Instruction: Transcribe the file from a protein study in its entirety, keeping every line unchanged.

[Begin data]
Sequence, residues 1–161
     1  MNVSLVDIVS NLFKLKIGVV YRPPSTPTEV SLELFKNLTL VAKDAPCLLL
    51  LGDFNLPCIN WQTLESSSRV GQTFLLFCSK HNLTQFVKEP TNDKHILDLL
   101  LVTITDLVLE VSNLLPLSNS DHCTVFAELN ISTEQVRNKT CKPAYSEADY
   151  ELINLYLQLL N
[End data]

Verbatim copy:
Sequence, residues 1–161
     1  MNVSLVDIVS NLFKLKIGVV YRPPSTPTEV SLELFKNLTL VAKDAPCLLL
    51  LGDFNLPCIN WQTLESSSRV GQTFLLFCSK HNLTQFVKEP TNDKHILDLL
   101  LVTITDLVLE VSNLLPLSNS DHCTVFAELN ISTEQVRNKT CKPAYSEADY
   151  ELINLYLQLL N